Below are five examples that I received, though it’s worth noting that I also carried out the same exercise on John Lewis, Currys, Selfridges, Macy’s and Nordstrom, however none of them sent an abandonment email.

First though, I’ll run through a few stats on basket abandonment and tactics for optimising cart abandonment emails. And if you want to read more on this topic, check out our blog post on the main causes of basket abandonment.

The stats…

I’ve written a separate blog post listing case studies that prove the efficacy of cart abandonment emails, but the headline stats are that:

  • According to SaleCycle, in Q1 2013 48.1% of basket abandonment emails were opened (up from 45.9% in Q4 2012) and 33.3% of these clickers went on to purchase a product (up from 30.1% in Q4).
  • The average order value was 58% higher for purchases from basket abandonment emails compared with direct sales (up from 36% in Q4).
  • Online retailer implemented a three stage process for retargeting customers that had abandoned a shopping cart. On average, the triggered email series recaptures 29% of the abandoned shopping carts it targets, turning them into sales. 
  • managed to cut checkout abandonment by 40% with emails targeted at three different types of customers, resulting in a 65% increase in checkout conversions.

And here are five real-life examples of cart abandonment emails…


Quiksilver sent a short, simple email the day after I abandoned the shopping cart. It included just two sentences of copy before displaying the items lefts in my shopping basket.

Personally I think the copy is concise but effective, stating that Quiksilver hopes there weren’t any problems with my order before nudging me back towards the checkout.

One criticism is that the same red colour is used for both calls-to-action in the email, so the ‘discover the collection’ and ‘return to basket’ buttons are given almost equal prominence.

Also, Quiksilver could possibly make more of its free shipping offer as that’s known to be an effective sales tool.

At the moment there is a small ‘free shipping’ promo in the top left of the email and it shows that delivery is £0 in the order subtotal, however a bigger banner or a mention of free shipping in the email copy might help to make the message clearer to shoppers.


Fashion retailer Boohoo also presents its abandonment email as a helpful customer service message.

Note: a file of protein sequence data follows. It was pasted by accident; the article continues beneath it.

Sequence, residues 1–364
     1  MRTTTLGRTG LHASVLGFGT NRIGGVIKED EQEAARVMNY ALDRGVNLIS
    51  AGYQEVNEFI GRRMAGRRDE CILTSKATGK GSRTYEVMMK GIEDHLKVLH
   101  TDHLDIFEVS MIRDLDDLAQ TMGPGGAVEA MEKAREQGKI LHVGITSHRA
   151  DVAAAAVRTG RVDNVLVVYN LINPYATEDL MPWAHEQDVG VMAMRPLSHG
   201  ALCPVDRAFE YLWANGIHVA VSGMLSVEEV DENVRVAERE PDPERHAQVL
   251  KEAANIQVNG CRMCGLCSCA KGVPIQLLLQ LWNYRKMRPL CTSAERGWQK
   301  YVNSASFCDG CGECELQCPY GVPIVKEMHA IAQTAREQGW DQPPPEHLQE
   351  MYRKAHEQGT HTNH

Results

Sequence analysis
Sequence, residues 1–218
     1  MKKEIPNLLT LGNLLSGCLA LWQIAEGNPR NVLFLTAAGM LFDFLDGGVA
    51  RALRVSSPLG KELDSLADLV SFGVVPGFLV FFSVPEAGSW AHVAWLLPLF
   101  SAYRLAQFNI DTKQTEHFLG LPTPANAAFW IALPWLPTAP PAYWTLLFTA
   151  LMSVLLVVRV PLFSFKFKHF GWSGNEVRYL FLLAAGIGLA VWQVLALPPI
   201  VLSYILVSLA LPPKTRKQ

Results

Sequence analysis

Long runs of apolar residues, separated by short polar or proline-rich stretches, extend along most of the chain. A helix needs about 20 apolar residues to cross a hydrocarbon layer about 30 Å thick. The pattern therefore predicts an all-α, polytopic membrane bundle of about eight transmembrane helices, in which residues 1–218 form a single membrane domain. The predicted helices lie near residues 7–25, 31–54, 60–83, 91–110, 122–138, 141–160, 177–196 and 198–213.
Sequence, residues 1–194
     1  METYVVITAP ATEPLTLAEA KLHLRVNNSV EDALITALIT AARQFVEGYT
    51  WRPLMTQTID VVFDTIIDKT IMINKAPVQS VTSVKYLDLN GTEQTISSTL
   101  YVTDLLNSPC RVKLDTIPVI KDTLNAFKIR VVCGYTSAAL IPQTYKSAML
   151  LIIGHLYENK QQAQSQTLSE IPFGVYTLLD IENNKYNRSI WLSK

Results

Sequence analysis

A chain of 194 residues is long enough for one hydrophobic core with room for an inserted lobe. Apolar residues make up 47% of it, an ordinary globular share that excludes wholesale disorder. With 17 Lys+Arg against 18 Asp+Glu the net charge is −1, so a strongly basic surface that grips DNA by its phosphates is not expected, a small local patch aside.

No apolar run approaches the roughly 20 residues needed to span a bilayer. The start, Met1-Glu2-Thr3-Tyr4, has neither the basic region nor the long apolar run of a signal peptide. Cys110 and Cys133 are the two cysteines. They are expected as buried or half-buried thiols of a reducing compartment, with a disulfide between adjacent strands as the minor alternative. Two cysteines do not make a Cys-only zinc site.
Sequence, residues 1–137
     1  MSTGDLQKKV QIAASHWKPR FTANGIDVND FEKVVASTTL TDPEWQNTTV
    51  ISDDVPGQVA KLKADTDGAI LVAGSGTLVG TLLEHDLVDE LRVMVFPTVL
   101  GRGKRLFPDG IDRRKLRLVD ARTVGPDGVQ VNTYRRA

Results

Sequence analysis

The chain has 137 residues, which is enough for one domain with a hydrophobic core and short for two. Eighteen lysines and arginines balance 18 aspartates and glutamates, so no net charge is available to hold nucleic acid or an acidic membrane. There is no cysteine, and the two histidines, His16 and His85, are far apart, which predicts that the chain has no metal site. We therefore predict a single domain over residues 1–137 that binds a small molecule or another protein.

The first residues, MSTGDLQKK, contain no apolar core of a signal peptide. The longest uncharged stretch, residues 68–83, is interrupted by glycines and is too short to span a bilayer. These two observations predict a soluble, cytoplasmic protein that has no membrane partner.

It comes from Mark, the company’s head of customer care, and states:

We noticed that you didn’t complete your boohoo order and wondered if there was something we could do to help?

As with Quiksilver it’s a concise message that quickly gives way to the shopping cart, complete with two brightly coloured ‘Complete your order’ CTAs.

One aspect I’m unsure of is the big, purple ‘Did you know’ box, which is quite eye-catching and takes up a lot of space. It contains details of the company’s product range and customer base, as well as mentioning the free returns service.

Boohoo’s USP is that it doesn’t sell any branded clothes so its prices tend to be lower. As such it could be that it needs to reassure customers that it’s still a quality, trusted retailer.


Though I left about £500 worth of items in my shopping basket Reiss didn’t actually mention any of the products in its abandonment email.

Instead the email simply acknowledges that I had been on the site recently and asks if I need ‘help or advice’.

Reiss offers a phone number in case I want to speak to the customer service team, but unlike Quiksilver it isn’t a toll free service.

The only CTA is a ‘Visit us again’ button that directs the user back to the site to continue browsing the site.


Camping supplier Millets sent a basket abandonment email after I failed to complete the purchase of a jacket.

The design was fairly simple and mirrored its standard checkout layout. The email included an image of the product, price and a brief message stating that Millets was holding the item for my ‘convenience’.

The calls-to-action need to be redesigned though, as the turquoise colour blends in with the rest of the email.


Furniture retailer OKA sent an abandoned cart email shortly after I left the site, however I don’t feel the design was particularly effective.

The bulk of the email is taken up by four paragraphs of text and several random images. It’s necessary to explain the purpose of the email and giving the number for a customer care hotline is a good idea, but asking me to sign up to an email newsletter is a step too far.

It means that the product details and CTA appear below the fold which weakens the impact of the message.